RS: There are hints of the film falling within certain genres, whether a family drama, a melodrama—it’s a Christmas tale after all—you expect certain things, and you counteract that with a very sort of real, penetrating, philosophical inquiry. And yet those things themselves are communicated in such a human, buoyant way.
AD: I’m delighted that you say that because that’s exactly what I was trying to say. I don’t ever want to suppress that 14-year-old adolescent moviegoer that I was who adored these genre films. So while I want to celebrate the genre, at the same time I want to work against the genre so that perhaps you can get to know the characters more, and see something more in them.
RS: You never get the sense that the characters are limited in any way, by genre or the plot, you get the sense in every scene that the characters can surprise you, become someone else or do something you wouldn’t expect. You’re giving the viewer so much credit to assume that he or she can follow and continue to respond. Is that because you envision viewers who, like yourself, want all these things, or is it that you want to challenge them to go to new places?
AD: I don’t like the idea of challenging the spectator, the viewer. That’s not what I want to do. I’m more interested in taking something and transforming it and making it more appealing for them. I can cite some examples for you, three or four or even a hundred examples where I look at a film and I see something, even small things, things that are a little bizarre, but that make me look differently at the film. I don’t want to make a film that is hard to watch. For example, Howard Hawks’s Only Angles Have Wings. Of course now with time passing it’s become a classic, but if you look at the first ten minutes, the relationships between the people and what’s going on are really very shocking. And yet at the same time you’re drawn in and you like the characters, right from the beginning. The same with a film like John Ford’s The Searchers, or some of the Lubitsch films where he mixes both cruelty and a great deal of complexity. Then you have Bergman where he mixes together a kind of monstrosity and at the same time a great humanity. So the idea is to not make the film a challenge but appealing to the viewer.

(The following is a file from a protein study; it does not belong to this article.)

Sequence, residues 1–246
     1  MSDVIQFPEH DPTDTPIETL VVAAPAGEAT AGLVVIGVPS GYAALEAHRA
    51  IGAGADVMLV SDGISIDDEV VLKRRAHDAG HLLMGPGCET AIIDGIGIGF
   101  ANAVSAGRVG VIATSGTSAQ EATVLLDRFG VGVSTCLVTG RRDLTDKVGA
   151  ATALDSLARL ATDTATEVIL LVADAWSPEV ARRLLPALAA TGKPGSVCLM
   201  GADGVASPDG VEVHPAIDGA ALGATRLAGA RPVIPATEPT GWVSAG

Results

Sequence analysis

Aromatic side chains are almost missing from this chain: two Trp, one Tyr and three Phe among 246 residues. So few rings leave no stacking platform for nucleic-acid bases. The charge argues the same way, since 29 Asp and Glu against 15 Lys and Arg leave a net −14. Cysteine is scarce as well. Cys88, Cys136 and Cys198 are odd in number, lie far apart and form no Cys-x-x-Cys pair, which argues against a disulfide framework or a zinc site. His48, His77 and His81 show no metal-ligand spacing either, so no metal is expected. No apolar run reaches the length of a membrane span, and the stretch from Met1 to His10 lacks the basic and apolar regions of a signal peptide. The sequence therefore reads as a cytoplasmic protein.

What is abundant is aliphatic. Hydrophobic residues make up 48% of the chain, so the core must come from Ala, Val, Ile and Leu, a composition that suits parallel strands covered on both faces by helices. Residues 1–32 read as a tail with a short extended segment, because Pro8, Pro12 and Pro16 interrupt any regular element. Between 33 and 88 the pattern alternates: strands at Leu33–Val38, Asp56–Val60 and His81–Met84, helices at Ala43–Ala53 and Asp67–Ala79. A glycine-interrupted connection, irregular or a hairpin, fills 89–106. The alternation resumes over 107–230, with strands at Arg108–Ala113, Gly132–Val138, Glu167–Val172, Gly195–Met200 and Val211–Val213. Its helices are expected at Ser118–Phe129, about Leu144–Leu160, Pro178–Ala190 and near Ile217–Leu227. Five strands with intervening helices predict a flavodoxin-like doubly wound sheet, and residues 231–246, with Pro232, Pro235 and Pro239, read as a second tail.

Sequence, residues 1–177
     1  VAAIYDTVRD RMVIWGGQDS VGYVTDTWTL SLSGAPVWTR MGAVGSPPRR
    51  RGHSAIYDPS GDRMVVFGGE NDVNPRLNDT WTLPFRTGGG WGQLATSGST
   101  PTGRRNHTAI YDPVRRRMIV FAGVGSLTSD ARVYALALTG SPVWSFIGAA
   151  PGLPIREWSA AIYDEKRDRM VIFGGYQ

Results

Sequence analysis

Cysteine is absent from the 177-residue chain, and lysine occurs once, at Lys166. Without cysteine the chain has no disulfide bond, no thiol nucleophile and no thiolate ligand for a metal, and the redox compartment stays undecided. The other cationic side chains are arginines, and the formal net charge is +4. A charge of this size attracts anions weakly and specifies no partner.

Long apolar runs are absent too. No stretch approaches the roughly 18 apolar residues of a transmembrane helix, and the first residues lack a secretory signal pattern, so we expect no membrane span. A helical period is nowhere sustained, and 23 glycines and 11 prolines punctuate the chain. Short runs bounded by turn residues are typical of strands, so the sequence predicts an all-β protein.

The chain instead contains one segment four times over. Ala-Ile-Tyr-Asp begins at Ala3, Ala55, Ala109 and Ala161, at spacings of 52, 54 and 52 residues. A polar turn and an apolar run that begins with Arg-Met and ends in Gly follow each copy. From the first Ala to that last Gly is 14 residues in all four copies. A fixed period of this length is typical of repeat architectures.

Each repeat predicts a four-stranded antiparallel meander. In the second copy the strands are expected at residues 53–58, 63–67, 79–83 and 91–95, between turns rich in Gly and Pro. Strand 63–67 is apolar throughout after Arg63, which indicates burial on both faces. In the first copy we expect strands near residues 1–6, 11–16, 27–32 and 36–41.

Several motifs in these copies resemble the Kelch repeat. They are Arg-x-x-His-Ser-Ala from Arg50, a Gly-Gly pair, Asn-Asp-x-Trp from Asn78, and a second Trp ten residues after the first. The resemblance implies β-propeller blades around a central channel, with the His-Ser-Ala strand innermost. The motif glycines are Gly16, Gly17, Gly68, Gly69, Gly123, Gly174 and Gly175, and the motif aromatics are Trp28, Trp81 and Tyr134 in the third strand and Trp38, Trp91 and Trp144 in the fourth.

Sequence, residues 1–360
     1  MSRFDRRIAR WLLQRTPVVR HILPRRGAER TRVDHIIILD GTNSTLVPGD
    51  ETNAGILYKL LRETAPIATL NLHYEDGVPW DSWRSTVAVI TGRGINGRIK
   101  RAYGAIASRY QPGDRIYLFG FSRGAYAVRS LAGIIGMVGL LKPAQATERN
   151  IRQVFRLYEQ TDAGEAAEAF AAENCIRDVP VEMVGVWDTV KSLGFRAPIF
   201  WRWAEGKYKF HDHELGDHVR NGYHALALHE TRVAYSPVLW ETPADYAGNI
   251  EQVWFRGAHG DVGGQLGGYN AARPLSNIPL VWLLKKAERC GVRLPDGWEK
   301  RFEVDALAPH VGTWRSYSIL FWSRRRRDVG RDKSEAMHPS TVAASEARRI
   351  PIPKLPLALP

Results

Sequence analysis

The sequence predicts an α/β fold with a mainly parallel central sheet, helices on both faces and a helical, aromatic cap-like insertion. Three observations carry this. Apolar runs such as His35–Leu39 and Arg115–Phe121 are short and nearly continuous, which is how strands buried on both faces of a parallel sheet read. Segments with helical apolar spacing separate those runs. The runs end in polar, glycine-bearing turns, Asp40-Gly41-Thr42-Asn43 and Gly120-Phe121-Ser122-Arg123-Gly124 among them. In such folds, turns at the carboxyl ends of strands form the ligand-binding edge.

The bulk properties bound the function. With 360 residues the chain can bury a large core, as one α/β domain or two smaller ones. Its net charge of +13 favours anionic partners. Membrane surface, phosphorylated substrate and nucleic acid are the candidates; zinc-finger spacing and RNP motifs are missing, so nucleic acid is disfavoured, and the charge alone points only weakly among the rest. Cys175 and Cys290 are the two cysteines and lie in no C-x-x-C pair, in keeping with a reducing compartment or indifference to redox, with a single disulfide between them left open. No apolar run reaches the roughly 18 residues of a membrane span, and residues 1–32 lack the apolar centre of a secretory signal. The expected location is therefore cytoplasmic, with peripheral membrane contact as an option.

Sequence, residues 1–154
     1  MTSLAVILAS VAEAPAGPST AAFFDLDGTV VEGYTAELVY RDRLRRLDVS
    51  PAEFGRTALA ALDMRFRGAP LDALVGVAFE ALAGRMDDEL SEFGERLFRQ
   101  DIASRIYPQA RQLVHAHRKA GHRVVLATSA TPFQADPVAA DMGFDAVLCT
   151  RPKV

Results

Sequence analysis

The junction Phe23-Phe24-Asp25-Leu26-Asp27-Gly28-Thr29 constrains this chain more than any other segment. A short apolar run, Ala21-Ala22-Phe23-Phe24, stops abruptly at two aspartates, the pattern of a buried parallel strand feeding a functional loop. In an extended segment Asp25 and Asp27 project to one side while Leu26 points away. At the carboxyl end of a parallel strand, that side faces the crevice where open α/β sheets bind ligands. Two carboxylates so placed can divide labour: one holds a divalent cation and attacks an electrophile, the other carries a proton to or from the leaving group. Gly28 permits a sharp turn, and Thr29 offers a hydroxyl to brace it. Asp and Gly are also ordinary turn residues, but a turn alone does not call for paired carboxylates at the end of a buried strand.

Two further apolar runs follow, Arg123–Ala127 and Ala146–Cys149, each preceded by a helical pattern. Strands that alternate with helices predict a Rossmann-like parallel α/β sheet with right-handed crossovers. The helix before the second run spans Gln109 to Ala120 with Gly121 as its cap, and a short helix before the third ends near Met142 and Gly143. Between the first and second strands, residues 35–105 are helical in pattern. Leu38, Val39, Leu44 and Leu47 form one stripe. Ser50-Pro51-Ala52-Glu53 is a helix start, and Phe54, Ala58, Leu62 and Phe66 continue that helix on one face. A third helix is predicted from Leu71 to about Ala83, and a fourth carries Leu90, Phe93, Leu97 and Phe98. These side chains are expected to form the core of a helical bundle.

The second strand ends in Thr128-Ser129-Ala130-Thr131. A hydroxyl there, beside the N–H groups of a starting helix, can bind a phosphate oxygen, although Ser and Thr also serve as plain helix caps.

RS: Which you do, but it’s a very difficult thing to do. It seems to me that it comes from giving credit to the audience. You get the sense that from scene to scene, moment to moment, their characters aren’t determined, they aren’t fixed, they’re figuring it out as they go. And that extends to the audience. You don’t get the sense that you’re missing a lot or that it’s going too fast for you—from scene to scene we’re all figuring it out and discovering it. Is that your way of approaching filmmaking, that sense of discovery?
AD: I think it’s a hell of a job trying to make sure that the viewers don’t get lost. You really have to reassure them; from scene to scene, you have to kind of say, as the director, “Don’t worry, it’s okay, and if you’re lost now things will come back and you’ll get back in.” And there are a lot of ways of doing it, and it’s through the form, through the names of the characters, and the way the film is edited. That’s what I love so much watching a movie: that sense that I’m being taken care of. I can give you one example. If you look at this film, it’s basically a matriarchy. Originally Abel’s mother ruled over the house, and now you have Junon, Catherine Deneuve’s character, who now rules over the house. We were thinking about what to name the character, and we could have named her Marie-Therese or something like that, but considering the children we had on set I thought, why not give her a name like Junon? It serves two purposes. First off, for the children, it’s very easy for them to remember because it’s a very unusual name. So when you have a scene in which, “Junon is sick,” it’s easier for them to know whom you’re referring to. But at the same time for adults, a name like Junon has this reference to the wife of Jupiter. So neither party gets lost. I remember on the show Inside the Actors Studio Martin Scorsese was asked the ten questions of Proust, and one of the questions always asked is the word you like the least. The word that Scorsese said was, “slow.”